3. Women’s Personal Experiences

As with any religious practice, women have different personal experiences which inform their opinions on whether they can read the Quran during their period. Some women may feel uncomfortable reading the Quran while menstruating, while others may have no qualms about doing so. Personal preferences and beliefs can also vary depending on cultural and family traditions.

For example, some women may choose to abstain from reading the Quran during their period out of respect for the perceived rules surrounding menstruation. On the other hand, some women may be more concerned about maintaining a connection to Allah during their period and feel reading the Quran is important for personal growth and spiritual wellbeing. It is important for women to listen to their own needs and make decisions accordingly, based on their own beliefs and interpretations of Islamic teachings.

In conclusion, women’s personal experiences play a significant role in shaping their views on whether they can read the Quran during their period. It’s important for women to make independent choices based on their own needs and interpret Islamic teachings in ways that align with their beliefs and values.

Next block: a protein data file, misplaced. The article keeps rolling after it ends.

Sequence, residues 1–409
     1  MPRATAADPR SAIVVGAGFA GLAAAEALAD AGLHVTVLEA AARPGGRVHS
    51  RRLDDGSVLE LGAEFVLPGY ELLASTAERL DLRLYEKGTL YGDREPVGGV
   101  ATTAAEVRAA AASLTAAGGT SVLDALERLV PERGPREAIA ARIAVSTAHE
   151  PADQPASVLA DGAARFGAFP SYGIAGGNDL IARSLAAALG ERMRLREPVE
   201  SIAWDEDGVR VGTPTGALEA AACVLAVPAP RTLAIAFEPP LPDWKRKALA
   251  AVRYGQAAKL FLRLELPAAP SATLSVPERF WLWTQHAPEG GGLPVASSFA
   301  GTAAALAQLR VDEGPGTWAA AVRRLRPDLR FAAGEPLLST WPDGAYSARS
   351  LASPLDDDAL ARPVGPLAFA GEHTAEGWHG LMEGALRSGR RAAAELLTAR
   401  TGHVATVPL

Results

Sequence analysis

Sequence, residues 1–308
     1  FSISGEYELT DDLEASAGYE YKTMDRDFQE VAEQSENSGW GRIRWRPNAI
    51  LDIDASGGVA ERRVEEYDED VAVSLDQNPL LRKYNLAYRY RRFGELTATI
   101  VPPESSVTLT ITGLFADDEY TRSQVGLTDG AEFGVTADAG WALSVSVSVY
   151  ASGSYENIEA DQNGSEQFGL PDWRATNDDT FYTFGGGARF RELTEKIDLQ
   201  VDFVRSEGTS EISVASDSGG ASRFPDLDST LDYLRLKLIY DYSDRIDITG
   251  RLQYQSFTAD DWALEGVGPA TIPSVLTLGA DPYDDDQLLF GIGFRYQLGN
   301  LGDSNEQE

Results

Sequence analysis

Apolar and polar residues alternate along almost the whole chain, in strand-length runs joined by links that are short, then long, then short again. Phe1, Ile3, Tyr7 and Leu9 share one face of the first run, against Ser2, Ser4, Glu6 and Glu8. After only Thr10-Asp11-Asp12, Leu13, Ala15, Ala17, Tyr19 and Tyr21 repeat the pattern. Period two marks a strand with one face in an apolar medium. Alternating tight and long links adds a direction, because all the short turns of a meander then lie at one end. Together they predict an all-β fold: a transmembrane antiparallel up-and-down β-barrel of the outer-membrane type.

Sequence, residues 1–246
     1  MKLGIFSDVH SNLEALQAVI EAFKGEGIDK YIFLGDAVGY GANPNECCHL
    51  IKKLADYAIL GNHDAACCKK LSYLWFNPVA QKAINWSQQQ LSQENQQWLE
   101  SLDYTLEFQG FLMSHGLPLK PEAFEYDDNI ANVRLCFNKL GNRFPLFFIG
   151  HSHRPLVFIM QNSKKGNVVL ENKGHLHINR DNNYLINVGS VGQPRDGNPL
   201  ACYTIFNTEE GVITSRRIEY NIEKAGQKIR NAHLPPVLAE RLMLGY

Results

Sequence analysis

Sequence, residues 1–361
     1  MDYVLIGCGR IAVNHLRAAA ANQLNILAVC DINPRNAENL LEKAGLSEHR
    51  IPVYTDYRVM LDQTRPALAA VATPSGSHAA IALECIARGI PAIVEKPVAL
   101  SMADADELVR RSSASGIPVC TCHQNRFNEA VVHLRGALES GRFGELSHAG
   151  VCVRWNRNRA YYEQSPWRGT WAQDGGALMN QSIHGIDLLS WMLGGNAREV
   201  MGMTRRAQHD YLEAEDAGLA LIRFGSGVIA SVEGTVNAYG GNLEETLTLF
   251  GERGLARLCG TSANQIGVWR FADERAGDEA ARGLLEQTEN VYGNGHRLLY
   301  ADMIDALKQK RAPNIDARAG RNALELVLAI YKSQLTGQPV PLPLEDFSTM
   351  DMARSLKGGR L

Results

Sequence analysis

4. Disadvantages of Preventing Women from Reading the Quran

Regardless of personal opinions and religious beliefs, there are drawbacks to preventing women from reading the Quran during their period. This exclusion can contribute to feelings of isolation, exclusion, and contribute to discrimination against women. Firmly established patriarchal structures within Islamic communities have also contributed to women being marginalized. By denying women access to the holy book while menstruating, further discrimination is perpetuated in the name of religion.

Additionally, if women feel ostracized or excluded from religious practices, this can have wider implications for their relationship to Islam and potentially contribute to a loss of faith. Hence, encouraging women to engage with all aspects of worship, including reading the Quran even during menstruation, can play a crucial role in fostering a strong sense of identity, community and belonging.

In conclusion, prohibiting women from reading the Quran during their period can result in feelings of exclusion and contribute towards gender discrimination within the Muslim community. Encouraging women to engage with the holy book can help build stronger faith communities, promote inclusivity and end gender discrimination rooted in patriarchal structures.


The topic of whether women can read the Quran during their period is a controversial and complex issue. Opinions from Islamic scholars are divided, and personal experiences and cultural traditions can also play a role in shaping beliefs and practices on this matter. While it is important to respect differing opinions, it is also imperative to examine the historical context of menstrual taboo and acknowledge how patriarchal structures have contributed to the exclusion of women from religious practices. Encouraging women’s participation in the reading of the Quran, even during menstruation, can help build more inclusive faith communities and promote gender equality within Islam.